Something so pleasing in their heft it's easy
to forget how my grandfather
used them in those days
when everybody knew he kept
a hundred rolled and rubberbanded
in the pocket of his mackintosh.
He drove this big delivery truck,
restocking Hersheys and Pall Malls.
And the story always shows
my father in the back,
sorting the endless stacks
and filching Tootsie Rolls.
In the haze of family lore
it's all idyllic, even 1950s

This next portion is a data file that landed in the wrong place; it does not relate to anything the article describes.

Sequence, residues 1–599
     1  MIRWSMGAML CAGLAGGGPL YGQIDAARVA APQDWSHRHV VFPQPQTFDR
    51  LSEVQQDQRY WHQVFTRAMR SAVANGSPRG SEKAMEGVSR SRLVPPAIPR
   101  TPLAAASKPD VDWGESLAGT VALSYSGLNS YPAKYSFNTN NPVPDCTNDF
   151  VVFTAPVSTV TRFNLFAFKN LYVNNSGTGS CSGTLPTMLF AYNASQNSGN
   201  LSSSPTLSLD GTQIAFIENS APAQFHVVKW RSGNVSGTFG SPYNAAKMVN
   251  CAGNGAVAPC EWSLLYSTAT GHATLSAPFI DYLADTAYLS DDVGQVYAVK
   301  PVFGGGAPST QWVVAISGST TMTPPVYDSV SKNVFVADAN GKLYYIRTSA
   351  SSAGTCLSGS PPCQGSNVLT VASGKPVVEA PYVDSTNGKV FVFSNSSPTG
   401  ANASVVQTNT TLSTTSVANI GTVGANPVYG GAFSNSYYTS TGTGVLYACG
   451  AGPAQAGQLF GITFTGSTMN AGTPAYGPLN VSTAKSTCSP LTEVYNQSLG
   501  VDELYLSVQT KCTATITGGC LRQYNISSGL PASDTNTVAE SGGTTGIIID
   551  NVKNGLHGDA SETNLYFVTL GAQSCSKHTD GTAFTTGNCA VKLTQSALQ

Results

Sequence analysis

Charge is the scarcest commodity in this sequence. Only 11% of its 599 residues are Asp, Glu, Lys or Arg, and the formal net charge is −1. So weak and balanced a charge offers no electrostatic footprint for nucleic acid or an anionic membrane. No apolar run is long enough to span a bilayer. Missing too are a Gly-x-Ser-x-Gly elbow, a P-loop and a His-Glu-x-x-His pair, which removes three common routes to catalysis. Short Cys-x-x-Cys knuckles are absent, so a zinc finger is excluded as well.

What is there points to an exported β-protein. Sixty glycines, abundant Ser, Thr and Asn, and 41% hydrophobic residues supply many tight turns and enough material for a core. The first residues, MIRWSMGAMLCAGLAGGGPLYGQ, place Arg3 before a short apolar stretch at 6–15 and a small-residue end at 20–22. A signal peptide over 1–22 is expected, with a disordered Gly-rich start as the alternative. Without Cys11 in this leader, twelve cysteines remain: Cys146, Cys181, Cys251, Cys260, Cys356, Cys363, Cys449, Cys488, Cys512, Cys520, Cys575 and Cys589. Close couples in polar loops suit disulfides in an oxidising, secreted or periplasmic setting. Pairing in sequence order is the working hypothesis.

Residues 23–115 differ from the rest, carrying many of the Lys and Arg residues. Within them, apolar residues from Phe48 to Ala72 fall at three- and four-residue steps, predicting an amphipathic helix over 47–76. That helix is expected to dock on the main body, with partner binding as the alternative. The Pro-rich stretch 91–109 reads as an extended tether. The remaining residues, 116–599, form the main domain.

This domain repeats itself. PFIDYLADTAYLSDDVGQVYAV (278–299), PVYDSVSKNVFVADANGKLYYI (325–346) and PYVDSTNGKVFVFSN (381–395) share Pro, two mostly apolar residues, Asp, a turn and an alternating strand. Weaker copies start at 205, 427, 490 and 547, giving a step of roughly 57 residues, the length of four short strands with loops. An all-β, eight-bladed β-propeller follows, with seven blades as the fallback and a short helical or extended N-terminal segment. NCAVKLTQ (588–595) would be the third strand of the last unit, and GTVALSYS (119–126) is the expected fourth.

Birmingham: ball fields and church picnics,
where he'd park the panel truck.
But somewhere under the patina
of blackened brass, against my jaw,
is the blood of a man
my grandfather beat near death.
Becawse? he chuckled when I was eight,
I didn't like the look
on that ol' nigger's face.
Published in Chattahoochee (Fayetteville: University of Arkansas Press, 2004).
Published: 14 April 2009 © 2009 Patrick Phillips and Southern Spaces